Latent Heat, Sensible Heat, and Cooling Loads
How does latent heat differ from sensible heat, and how does it affect the design...
How to Read a Manual-J Report
We all have heard of the importance of doing heat load calculations before...
My Low Pressure-Drop, MERV-13 Filters
With indoor air quality on everyone's minds these days, installing better filters...
Commissioning a Ventilation System
Commissioning is not a word we hear much in residential construction, but it's a...
Is it OK to use a joist bay for a return-air plenum in an HVAC system?
Solving for Comfort With a 'Smart' Thermostat
Tracking temperature, humidity, set point, and equipment runtime can uncover the...
Rookie Builder Mistakes - Part 2 - HVAC
Let’s start with some obvious mistakes that aren’t even visible to most builders...
A 20 minute version of my HVAC presentation to the AIA Austin Chapter in August 2013.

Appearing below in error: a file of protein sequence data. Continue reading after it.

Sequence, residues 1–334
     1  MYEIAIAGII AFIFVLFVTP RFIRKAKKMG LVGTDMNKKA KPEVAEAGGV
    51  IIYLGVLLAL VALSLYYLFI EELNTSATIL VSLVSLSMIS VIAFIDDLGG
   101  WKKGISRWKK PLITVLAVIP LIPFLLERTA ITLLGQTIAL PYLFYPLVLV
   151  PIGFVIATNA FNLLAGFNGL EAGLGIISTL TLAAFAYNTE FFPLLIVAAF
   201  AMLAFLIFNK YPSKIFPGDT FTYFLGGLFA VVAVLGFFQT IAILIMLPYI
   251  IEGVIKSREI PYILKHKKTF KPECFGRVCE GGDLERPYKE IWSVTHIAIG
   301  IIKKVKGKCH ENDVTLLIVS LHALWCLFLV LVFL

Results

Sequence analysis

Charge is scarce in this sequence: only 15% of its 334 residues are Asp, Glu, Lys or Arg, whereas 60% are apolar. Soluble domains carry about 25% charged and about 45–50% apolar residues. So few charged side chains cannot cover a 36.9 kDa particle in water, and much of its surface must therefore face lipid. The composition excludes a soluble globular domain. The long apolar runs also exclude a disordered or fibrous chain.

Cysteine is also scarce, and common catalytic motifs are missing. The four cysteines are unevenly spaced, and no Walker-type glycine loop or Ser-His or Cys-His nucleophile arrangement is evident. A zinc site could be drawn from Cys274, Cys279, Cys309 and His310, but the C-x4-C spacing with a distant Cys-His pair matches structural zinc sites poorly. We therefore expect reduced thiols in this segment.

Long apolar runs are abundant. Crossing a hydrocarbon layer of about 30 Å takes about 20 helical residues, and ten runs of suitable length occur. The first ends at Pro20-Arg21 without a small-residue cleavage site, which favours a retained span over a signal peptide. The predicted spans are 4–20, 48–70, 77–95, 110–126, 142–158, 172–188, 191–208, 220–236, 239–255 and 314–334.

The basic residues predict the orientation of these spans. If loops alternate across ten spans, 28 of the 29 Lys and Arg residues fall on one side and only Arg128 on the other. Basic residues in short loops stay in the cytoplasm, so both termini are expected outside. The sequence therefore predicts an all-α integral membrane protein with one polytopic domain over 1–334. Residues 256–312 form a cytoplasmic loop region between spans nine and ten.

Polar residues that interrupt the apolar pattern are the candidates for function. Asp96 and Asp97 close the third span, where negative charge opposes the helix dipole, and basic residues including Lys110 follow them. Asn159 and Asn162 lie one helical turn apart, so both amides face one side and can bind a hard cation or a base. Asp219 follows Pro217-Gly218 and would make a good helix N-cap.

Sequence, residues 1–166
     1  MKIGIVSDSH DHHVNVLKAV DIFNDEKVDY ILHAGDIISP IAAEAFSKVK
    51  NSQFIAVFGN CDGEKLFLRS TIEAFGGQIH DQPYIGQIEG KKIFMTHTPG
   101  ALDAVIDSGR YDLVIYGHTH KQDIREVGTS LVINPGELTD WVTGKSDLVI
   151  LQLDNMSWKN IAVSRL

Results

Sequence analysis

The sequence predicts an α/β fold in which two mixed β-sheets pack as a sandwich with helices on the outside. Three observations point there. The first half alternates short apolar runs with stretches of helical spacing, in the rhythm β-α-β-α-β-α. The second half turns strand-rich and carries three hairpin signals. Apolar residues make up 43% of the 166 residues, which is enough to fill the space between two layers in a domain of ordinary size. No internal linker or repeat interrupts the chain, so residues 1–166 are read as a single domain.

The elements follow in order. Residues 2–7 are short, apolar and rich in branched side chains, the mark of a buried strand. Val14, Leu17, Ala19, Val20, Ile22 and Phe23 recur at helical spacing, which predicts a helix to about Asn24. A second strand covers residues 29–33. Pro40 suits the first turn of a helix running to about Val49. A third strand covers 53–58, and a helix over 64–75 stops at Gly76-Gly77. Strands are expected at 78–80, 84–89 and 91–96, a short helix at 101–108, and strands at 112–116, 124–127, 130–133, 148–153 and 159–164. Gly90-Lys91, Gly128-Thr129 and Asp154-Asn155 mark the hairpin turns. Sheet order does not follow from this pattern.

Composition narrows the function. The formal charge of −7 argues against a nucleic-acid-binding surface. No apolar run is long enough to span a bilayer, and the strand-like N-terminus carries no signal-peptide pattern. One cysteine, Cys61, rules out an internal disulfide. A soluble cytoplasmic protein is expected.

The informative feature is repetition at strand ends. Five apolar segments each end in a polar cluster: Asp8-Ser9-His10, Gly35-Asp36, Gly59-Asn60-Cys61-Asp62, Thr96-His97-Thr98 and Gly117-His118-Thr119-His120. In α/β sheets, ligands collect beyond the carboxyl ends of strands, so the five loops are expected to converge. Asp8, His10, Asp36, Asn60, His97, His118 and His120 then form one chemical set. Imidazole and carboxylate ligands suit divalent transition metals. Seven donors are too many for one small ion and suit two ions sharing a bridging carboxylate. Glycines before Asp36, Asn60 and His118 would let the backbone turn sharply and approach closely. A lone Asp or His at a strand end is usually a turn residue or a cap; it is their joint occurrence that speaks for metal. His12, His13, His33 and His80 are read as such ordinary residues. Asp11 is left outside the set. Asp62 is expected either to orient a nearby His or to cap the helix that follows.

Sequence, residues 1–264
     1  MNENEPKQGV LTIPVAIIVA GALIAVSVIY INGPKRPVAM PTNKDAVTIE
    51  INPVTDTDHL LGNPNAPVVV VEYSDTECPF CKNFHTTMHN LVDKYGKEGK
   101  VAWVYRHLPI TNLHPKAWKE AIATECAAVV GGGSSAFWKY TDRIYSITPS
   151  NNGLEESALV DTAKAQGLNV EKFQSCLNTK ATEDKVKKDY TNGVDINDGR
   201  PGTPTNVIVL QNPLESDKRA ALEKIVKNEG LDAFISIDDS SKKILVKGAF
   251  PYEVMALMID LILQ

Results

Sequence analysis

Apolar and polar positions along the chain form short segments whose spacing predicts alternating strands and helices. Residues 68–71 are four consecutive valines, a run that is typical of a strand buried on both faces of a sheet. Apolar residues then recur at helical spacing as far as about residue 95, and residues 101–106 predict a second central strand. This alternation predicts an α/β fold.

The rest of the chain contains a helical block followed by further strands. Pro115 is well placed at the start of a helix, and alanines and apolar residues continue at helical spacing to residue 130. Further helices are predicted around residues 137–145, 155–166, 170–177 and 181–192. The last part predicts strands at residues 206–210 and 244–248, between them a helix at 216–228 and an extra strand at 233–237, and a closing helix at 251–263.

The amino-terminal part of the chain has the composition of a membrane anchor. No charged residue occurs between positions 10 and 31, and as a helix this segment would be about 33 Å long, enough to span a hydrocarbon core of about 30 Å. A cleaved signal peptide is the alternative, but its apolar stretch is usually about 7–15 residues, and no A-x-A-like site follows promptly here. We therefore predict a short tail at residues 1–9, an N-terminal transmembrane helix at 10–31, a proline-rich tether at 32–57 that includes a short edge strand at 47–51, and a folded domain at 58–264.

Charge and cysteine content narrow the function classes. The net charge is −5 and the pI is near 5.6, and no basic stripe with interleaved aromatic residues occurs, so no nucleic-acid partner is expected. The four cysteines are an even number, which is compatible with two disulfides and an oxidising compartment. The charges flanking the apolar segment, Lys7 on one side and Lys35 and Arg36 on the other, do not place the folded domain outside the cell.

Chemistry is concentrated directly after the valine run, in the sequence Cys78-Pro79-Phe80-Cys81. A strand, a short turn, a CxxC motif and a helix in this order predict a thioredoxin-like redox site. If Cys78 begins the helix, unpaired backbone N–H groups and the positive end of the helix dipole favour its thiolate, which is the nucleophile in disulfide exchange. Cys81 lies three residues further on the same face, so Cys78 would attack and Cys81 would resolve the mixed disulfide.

What's That Smell?
If there are bad odors in the HVAC system of a newly-built home, they are likely...
Q&A: Closing a House for the Winter
I have customers who wants me to build a log home that will be used seasonally, for about two months of the summer and another two months in the winter. During the rest of the year they want to leave the house closed up and unheated. We're at the edge of the Rocky Mountain Front Range in eastern British Columbia, and winter temperatures often fall to 20F. I've discouraged the clients from installing a hydronic heating system because of the difficulty of draining it twice a year (draining the domestic water will be headache enough), but what other potential problems should I be thinking about? I'm concerned that the radical swings in temperature could damage interior finishes